# Groups, Subgroups and Normal Subgroups

• Mar 25th 2012, 08:12 AM
shmounal
Groups, Subgroups and Normal Subgroups
Hi there,

I'm going over some past papers for an exam but with no answers and have come a cropper on this one, any help appreciated!

Let $\displaystyle H$ be a subgroup of a group $\displaystyle G$ and let $\displaystyle g \in G$. Define

$\displaystyle H^g := \{ ghg^{-1} | h \in H \}$

i) Prove that $\displaystyle H^g$ is a subgroup of $\displaystyle G$.

ii) Let $\displaystyle g, k, \in G$. Which of these statements is true

$\displaystyle (H^g)^k = H^{gk} or (H^g)^k = H^{kg}$

Give a proof of the statement that is always true

iii) Set $\displaystyle N := \bigcap_{g \in G} H^g$. Prove that $\displaystyle N \triangleleft G$ and that $\displaystyle N$ is a subgroup of $\displaystyle G$ that is contained in $\displaystyle H$.

Pretty stuck except for ii) $\displaystyle (H^g)^k = H^{kg}$ is obviously the right one (I hope!).
• Mar 25th 2012, 09:04 AM
Sylvia104
Re: Groups, subgroups and normal subgroups
(i) and (ii) should be straightforward.

Hint for (iii). Let $\displaystyle G/H$ denote the set of all left cosets of $\displaystyle H$ in $\displaystyle G.$ Each element of $\displaystyle g$ induces a permutation $\displaystyle \pi_g$ of $\displaystyle G/H$ via $\displaystyle \pi_g(aH)=gaH$ for each left coset $\displaystyle aH.$ Let $\displaystyle \Pi=\left\{\pi_g:g\in G\right\}.$ The mapping $\displaystyle f:G\to\Pi$ defined by $\displaystyle f(g)=\pi_g$ is a homomorphism. Prove that $\displaystyle N$ is the kernel of this homomorphism.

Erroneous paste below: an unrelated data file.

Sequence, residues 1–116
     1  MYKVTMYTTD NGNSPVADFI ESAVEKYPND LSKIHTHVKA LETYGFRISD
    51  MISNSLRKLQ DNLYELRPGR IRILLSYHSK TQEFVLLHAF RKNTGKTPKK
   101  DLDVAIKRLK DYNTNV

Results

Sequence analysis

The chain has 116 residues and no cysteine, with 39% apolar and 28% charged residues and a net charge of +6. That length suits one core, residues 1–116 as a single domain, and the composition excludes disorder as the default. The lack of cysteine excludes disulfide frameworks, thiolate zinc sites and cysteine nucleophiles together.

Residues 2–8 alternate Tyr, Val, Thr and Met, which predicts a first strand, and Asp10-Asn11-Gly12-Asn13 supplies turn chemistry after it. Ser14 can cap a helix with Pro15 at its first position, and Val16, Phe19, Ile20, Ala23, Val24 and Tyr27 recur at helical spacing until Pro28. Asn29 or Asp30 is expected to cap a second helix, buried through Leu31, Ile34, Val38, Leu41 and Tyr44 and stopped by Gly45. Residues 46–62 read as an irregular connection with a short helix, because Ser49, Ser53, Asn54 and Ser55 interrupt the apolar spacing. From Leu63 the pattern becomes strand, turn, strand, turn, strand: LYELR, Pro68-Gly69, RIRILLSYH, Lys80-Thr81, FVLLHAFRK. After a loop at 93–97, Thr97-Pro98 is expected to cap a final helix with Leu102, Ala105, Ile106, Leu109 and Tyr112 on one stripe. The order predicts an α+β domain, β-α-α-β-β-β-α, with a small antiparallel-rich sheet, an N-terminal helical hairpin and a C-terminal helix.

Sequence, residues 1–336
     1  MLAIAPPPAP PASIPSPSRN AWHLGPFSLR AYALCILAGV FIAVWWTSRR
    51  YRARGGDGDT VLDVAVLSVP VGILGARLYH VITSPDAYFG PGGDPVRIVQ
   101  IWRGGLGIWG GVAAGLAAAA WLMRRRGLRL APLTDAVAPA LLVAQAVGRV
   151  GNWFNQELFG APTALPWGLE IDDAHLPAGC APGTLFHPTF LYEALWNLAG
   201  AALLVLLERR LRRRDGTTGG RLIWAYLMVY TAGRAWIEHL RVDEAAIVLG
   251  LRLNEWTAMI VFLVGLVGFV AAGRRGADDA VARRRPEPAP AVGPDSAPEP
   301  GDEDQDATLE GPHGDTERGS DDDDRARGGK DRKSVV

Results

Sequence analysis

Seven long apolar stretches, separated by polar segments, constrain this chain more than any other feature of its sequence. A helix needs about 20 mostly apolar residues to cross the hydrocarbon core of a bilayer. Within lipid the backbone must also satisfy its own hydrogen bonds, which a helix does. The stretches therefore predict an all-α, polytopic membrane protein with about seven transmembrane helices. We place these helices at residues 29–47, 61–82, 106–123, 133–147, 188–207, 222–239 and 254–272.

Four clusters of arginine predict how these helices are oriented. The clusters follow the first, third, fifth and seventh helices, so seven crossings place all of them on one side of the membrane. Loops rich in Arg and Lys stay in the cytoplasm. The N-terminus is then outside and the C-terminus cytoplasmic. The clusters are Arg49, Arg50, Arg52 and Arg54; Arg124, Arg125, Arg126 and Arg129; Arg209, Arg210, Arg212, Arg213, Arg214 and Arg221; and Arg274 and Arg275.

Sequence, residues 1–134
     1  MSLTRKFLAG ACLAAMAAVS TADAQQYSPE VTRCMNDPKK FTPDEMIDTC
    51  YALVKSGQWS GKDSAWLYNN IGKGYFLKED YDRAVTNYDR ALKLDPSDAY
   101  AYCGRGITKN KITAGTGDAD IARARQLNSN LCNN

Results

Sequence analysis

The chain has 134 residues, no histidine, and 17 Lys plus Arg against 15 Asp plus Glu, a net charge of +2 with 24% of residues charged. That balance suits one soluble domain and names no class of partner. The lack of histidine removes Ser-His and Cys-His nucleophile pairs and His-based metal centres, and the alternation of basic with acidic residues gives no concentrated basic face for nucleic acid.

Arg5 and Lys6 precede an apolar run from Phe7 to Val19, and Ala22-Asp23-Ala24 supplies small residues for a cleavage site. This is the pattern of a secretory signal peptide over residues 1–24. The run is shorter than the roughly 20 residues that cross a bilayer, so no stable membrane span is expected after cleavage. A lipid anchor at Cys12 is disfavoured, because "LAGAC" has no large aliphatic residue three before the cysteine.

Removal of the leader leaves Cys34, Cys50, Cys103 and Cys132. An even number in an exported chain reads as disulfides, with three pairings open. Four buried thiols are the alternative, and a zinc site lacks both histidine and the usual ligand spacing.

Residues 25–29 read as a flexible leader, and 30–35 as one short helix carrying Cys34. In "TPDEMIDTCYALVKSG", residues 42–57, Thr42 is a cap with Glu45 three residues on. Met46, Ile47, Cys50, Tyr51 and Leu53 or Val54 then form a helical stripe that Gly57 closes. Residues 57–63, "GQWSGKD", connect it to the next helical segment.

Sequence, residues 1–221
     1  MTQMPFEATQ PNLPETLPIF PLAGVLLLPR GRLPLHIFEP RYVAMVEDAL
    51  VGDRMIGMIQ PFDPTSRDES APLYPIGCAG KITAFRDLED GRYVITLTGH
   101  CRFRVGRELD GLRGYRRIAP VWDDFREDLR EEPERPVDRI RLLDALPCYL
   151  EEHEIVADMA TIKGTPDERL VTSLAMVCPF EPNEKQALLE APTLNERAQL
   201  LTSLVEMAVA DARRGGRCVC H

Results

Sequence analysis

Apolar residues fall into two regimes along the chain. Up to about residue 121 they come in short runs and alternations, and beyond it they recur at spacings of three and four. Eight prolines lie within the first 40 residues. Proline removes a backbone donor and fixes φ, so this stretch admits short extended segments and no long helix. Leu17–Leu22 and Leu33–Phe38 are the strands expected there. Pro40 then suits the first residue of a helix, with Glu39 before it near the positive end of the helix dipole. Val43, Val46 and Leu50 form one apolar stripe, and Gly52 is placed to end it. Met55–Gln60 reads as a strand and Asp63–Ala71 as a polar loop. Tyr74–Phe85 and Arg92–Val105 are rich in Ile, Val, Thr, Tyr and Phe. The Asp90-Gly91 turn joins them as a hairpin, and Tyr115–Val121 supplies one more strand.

• Mar 28th 2012, 10:44 AM
Deveno
Re: Groups, Subgroups and Normal Subgroups
i) let x,y be in Hg.

this means that x = ghg-1 for some h in H, and y = gh'g-1, for some h' in H.

therefore, xy-1 = (ghg-1)(gh'g-1) = ghh'-1g-1,

and hh'-1 is in H (since H is a subgroup), therefore xy-1 is in Hg, so Hg

is a subgroup of G (by the one-step subgroup test).

ii) note that (Hg)k = k(Hg)k-1 = k(gHg-1)k-1 = (kg)H(kg)-1 = Hkg

iii) first, suppose that a,b are in N. this means that a,b are in every gHg-1, for any g in G. by part (i) above, each gHg-1

is a subgroup, so ab-1 is in every gHg-1, so ab-1 lies in N, thus N is a subgroup.

let x be any element of G, and let n be an element of N. note that N = ∩g Hg = ∩xg (Hg)x

since as g runs over all elements of G, so does xg.

but ∩xg (Hg)x = ( ∩g Hg)x = Nx, so N is normal.

(to see that for two subgroups H,K, that (H∩K)g = Hg∩Kg, suppose that

x is in (H∩K)g. then x = ghg-1, where h is in H∩K. hence h is in H, so ghg-1 is in Hg.

but h is in K as well, so ghg-1 is in Kg. hence x = ghg-1 is in both Hg and Kg,

so x is thus in their intersection. on the other hand suppose that x is in Hg and Kg. so

x = ghg-1 = gkg-1, for some h in H, and k in K.

if ghg-1 = gkg-1, then h = k, so h = k lies in H∩K, so x is in (H∩K)g

the same proof holds for any arbitrary intersection of subgroups of G).